Johor is a popular weekend destination for Singaporean Muslim travellers. Whether it’s a quick halal food hunt or simply indulging in some retail therapy, many weekend warriors love to escape to this Malaysian city. But there are a couple of changes travellers should take note before heading across the causeway.
1. Shopping and GST
With its massive supermarkets, many Singaporeans enjoy grocery shopping in Johor. Whether you’re piling up on cleaning supplies or just some retail therapy, you should take note of this new rule. There’s a new Goods and Services Tax (GST) relief for travellers entering Singapore on items bought overseas.
Travellers have to pay GST on goods bought overseas worth more than S$100 for those who spend less than 48 hours out of Singapore. Also, you would have to pay GST on goods worth more than S$500 if you stay longer than that.
2. Shopping with NETS
You can now use your NETS-enabled card at popular shopping centres such as KSL City and Johor Bahru City Square. You’ll be able to find over 4,500 NETS acceptance points all over Malaysia. You’ll never have to worry about searching for a money changer or running out of cash at those hypermarts.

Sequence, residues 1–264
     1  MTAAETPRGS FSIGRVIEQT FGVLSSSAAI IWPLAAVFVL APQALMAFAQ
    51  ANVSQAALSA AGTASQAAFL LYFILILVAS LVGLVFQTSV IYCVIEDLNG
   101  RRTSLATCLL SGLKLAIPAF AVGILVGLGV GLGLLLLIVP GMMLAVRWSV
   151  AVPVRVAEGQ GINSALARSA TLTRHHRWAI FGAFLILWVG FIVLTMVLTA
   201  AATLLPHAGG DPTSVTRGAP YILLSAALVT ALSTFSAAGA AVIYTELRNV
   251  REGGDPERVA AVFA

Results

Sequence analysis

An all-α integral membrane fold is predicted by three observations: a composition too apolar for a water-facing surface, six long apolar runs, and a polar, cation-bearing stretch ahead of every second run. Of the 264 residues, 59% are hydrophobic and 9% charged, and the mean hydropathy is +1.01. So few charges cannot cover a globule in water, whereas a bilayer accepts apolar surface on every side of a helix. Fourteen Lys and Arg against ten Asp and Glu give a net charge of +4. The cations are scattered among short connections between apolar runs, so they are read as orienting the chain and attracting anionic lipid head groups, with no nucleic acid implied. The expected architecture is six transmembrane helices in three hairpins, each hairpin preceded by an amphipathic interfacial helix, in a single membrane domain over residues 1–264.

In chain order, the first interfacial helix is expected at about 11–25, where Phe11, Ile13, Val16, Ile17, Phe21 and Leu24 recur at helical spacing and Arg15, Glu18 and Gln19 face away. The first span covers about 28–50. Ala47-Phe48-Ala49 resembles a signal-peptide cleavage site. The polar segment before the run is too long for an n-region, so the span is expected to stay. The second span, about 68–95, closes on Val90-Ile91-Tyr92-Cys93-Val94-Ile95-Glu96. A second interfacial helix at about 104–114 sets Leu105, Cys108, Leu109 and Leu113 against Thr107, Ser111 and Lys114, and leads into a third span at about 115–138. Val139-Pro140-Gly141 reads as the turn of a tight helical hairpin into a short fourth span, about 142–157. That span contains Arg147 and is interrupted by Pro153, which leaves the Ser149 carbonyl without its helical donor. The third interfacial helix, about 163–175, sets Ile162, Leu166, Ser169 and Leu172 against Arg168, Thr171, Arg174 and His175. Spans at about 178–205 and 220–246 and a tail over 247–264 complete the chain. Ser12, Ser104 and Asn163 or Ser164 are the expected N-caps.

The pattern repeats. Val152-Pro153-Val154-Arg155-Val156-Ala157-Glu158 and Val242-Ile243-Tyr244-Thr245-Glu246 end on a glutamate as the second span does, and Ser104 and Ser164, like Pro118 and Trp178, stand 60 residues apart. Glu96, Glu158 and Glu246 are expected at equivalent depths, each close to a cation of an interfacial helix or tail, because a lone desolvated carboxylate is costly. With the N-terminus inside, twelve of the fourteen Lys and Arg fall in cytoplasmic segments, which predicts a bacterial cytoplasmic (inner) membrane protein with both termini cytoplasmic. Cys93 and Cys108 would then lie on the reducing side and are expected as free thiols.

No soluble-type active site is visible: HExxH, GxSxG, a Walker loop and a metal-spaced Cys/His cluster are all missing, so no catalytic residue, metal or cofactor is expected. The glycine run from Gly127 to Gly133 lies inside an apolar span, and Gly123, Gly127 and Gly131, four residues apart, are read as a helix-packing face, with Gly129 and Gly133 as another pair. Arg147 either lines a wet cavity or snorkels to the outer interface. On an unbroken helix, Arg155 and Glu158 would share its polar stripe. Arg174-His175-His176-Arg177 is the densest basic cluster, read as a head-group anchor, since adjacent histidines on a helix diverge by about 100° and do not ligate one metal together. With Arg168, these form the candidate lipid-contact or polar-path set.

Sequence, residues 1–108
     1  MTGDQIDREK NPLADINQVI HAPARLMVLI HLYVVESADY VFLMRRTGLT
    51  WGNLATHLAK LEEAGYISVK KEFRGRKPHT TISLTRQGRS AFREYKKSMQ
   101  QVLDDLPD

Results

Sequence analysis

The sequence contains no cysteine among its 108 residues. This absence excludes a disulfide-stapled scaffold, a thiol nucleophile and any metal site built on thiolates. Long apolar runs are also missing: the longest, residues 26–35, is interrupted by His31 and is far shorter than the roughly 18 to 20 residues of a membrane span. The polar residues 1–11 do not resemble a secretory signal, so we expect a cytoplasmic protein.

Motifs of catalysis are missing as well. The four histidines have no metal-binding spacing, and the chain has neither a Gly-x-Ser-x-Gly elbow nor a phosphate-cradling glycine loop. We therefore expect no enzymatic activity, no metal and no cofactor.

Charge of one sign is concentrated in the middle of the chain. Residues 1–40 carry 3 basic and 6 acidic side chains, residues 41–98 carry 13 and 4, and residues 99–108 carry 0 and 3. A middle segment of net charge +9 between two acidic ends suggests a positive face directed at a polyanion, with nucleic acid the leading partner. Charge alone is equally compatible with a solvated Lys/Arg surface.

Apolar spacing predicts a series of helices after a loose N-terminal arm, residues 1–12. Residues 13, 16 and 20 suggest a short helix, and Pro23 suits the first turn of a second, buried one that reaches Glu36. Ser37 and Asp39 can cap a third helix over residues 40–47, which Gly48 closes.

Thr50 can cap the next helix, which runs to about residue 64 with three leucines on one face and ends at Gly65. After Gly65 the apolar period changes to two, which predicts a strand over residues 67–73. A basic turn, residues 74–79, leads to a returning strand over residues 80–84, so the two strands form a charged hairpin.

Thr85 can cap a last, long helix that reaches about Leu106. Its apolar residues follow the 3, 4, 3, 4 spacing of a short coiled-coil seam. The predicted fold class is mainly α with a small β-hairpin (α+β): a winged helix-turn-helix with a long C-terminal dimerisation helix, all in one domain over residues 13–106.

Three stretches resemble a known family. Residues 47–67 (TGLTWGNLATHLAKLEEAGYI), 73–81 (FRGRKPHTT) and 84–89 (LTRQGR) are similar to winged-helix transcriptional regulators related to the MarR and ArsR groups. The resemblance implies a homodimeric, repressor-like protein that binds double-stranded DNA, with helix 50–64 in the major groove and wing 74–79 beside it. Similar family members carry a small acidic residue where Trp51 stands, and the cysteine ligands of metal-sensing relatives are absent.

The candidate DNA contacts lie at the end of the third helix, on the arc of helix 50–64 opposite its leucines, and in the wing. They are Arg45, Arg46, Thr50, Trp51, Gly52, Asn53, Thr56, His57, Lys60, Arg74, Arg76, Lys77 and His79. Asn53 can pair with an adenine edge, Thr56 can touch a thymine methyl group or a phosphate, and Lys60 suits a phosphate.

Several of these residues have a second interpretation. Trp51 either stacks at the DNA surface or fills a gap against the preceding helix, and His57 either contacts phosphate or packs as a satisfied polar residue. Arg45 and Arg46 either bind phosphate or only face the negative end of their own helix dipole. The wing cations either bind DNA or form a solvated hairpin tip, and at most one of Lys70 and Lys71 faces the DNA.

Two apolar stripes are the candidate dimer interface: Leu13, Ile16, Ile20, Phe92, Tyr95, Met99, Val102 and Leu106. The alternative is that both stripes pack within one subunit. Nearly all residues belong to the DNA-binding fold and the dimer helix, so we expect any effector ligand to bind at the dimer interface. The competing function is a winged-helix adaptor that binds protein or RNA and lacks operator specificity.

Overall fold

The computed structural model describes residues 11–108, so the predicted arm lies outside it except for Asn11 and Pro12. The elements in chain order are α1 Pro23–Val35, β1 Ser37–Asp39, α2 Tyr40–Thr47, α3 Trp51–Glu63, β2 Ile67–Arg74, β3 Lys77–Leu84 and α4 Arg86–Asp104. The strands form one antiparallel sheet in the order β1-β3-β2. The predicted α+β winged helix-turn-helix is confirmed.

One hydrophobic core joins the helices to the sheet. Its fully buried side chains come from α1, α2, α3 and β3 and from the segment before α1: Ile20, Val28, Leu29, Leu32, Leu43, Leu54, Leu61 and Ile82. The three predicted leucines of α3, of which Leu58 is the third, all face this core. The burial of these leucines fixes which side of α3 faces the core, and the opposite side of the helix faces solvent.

3. Vehicle Entry Permit (VEP) for foreign cars
For those of you who are planning to drive to Johor, you’ll have to register for a Vehicle Entry Permit (VEP) soon. Owners of foreign vehicles can go online to apply for the permit. Do take note that there’s a one-time RM10 (~S$3.30) registration fee to have your permit processed. This road transport law will be enforced come October.
4. New fuel rule for diesel vehicles
When leaving Singapore through the land checkpoints, diesel-powered vehicles now have to also adhere to the three-quarter tank rule. Previously, this rule was only applicable to Singaporean vehicles that run on petrol and compressed natural gas. Be sure top up your tanks before heading to the checkpoints!
5. No more toll for motorcycles at Second Link
Motorcyclists who enter Johor via the Tuas Second Link would no longer have to pay any tolls. Malaysia eliminated the toll fares last November and as part of an established policy to match rates, Singapore followed suit this January.